#12

Most of us - as well as the writer of this article - don’t make 100 000 NT$ per month.
But we feel the need and the ability to question others who do
Here we are talking about owners who own millions and billions.

Using a proportional approach, to wonder why ‘they’ don’t rent out their property,
is similar to wonder why you don’t rent out your bicycle when you don’t use it.
Do you care? No… They don’t, either. Hehehe

Sooner or later, Chinese money will come and buy it,
In order to make Taiwan the ‘Cote d’Azur’ or the ‘Miami’ of China


#13

Having empty stores does affect everyday life, as the article states, and it will affect the resale value in the long run. Empty stores -> less customers -> more stores closing down -> more empty stores -> … Also people shop on the internet these days so the value of storefronts is decreasing everywhere.


#14

is that really a thing here? theres like 20 shopping malls in xinyi and they all seem to be full all the time.

i’ve noticed a few dead ones though. the giant ball one north of sun yat sen hall is pretty dead. kinda weird that place. the Hi mall in banqiao has always been full of people selling shoes and the FE21 in banqiao seems pointless as they built mega city round the corner.

and chinese the bubble is even worse than here, its a complete and utter shambles. welcoming such a thing to taiwan is just demented. if that ever happens i’m outta here.


#15

Those have been dead for years. People only want to go to new ones.


#16

That’s what Vancouver did to good success. Those poor landlords being forced to rent out their mansions to the plebs for a song or else they got hit with very punitive empty house taxes. My heart bleeds.

I bet if they tried that in Taiwan there would be a revolt from the rich landlords. Not to mention many of the politicians have vested interest in keeping their investments high.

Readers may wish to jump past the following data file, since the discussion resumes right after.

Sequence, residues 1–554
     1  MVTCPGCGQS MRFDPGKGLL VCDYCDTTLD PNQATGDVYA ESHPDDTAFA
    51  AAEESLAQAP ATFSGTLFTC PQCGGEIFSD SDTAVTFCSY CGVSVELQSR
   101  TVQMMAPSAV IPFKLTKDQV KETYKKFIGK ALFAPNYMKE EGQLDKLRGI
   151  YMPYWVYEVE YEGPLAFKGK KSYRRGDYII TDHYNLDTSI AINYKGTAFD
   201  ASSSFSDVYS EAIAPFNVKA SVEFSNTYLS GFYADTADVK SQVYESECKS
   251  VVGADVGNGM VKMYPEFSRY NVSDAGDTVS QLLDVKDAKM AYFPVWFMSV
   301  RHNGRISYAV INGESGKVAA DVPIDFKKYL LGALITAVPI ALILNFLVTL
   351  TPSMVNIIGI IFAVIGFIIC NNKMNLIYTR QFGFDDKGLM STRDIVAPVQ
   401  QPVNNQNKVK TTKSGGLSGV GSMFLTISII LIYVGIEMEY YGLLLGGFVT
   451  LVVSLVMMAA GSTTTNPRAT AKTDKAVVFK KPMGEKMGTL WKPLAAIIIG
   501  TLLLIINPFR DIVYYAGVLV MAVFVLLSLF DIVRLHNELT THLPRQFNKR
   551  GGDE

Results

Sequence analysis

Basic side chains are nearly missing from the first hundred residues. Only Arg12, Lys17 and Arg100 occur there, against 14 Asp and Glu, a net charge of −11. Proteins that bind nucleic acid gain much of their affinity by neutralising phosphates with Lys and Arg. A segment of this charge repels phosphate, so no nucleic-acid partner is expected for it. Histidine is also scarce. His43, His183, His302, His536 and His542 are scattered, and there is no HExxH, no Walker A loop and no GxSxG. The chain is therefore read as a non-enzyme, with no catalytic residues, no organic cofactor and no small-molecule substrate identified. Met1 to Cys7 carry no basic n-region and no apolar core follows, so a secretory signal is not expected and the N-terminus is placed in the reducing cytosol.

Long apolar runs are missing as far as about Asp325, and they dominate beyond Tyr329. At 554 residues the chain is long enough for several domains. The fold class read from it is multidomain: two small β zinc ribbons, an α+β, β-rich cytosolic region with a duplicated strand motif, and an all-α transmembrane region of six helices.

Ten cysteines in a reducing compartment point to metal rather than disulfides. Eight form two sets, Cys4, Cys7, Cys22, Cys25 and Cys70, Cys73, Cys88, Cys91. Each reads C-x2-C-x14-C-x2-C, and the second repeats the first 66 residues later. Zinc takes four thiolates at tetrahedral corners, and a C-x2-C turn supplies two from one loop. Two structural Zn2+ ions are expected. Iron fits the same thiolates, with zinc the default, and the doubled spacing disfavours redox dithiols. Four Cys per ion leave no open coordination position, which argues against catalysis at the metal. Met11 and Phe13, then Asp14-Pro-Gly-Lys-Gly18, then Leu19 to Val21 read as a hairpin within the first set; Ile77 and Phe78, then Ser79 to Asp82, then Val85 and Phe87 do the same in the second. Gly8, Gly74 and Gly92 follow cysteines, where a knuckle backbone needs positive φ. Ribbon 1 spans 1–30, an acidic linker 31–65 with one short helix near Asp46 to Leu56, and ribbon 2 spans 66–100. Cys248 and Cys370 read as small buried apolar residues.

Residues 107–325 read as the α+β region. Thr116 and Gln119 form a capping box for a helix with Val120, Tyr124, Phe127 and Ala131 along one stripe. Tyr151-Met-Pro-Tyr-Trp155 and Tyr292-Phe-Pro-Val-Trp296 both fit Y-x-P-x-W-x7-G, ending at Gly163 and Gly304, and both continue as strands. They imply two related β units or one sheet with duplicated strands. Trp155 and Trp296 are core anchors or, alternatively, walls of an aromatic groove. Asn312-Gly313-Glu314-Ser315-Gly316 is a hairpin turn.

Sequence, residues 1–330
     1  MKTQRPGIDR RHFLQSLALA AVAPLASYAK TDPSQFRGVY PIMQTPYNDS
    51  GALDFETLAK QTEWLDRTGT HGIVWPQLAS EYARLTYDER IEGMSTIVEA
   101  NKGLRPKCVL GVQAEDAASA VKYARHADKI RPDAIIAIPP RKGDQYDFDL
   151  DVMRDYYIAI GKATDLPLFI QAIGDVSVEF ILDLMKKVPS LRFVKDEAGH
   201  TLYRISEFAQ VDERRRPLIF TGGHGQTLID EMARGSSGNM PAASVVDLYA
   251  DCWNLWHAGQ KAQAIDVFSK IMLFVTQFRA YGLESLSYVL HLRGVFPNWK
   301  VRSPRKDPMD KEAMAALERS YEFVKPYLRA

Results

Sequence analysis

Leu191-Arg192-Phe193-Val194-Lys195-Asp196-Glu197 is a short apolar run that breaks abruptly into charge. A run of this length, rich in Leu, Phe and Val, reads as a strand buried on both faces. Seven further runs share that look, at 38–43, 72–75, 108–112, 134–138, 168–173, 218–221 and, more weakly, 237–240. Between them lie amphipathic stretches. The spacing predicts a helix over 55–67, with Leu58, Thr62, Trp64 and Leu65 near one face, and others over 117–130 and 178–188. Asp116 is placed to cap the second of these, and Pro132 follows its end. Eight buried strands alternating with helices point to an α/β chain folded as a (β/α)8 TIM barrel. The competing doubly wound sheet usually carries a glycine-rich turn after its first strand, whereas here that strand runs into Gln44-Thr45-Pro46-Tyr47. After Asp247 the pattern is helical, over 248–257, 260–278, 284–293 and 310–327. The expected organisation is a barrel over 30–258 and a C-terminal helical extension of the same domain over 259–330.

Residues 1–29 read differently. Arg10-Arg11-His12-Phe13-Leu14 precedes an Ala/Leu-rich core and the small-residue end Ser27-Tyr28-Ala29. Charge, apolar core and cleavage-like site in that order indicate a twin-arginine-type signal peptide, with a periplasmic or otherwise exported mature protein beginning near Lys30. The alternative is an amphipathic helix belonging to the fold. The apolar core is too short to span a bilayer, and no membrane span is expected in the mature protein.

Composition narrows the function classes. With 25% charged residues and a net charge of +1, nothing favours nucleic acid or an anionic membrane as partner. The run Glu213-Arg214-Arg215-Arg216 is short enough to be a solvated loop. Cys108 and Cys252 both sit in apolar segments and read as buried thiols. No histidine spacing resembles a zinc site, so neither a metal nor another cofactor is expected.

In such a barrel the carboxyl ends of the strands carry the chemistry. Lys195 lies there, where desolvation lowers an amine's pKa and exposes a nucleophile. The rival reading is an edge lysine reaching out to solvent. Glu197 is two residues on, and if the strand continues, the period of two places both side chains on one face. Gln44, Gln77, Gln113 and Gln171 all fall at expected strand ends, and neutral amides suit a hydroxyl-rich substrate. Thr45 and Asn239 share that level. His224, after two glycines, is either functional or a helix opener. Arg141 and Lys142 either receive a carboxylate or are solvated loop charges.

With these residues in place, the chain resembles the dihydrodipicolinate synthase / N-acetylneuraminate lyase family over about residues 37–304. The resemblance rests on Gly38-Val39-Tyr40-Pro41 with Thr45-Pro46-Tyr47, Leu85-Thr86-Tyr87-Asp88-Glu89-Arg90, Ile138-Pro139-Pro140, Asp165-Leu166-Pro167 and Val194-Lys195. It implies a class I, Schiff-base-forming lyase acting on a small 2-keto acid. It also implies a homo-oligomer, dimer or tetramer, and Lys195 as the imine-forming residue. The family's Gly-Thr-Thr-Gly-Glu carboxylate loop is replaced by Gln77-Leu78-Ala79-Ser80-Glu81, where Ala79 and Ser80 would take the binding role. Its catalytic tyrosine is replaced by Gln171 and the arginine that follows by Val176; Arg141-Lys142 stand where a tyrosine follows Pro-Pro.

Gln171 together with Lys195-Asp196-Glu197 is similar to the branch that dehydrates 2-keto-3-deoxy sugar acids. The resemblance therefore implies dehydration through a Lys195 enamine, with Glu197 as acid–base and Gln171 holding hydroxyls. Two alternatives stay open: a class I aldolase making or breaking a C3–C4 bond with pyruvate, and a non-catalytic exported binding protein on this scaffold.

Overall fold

#17

Hey guys, don’t hate on the wealth creators, or @Andrew0409 will give you an earful! :stuck_out_tongue_winking_eye:


But for people who already have enough money to afford not to care about prices, air quality is a stronger motivator (unless they’re the kind of rich people who will always think of themselves as poor no matter how much they have, or they grew up thinking air is supposed to smell bad and don’t want to listen to “new” ideas).


Shh, I’m afraid @finley might hear you! :stuck_out_tongue_winking_eye: :stuck_out_tongue_winking_eye:


#18

And then we get the Rich Dad Poor Dad concept of real estate fortune.

I get his perspective but millenials got no chance in building that type of business from zero now, at least not in Taipei with the graduate local salaries and house prices


#19

There is no over statement in that. Dinners with rich locals is 99% talk about that and how they are letting the property empty and holding the rental prices up high. Deep pocket it is. The number of empty properties is like a hunt trophy on dinner tables. The other 1% is about the food.

Isn’t there a vacancy tax for business properties in Hong Kong?

Like the rich real estate monguls at the dinner table, who just ate 7k per person in a dinner but are too old to drive and don’t want pay a driver, never mind even paying a taxi. Uber surge? Sacrilegious!


#20

Nah, not the same thing at all. The point is these apartments are empty, not just partly unused. These speculators often own several of them. There are entire buildings going up whose entire purpose is to be sold off piecemeal to speculators. It’s all a huge game, funded by cheap loans.

The closest metaphor would be for the government to give subsidies to rich people if they agree to take 10% of all the bicycles being made. Although that doesn’t work well because you can always increase bicycle output, so prices aren’t as volatile. Houses are limited by land area.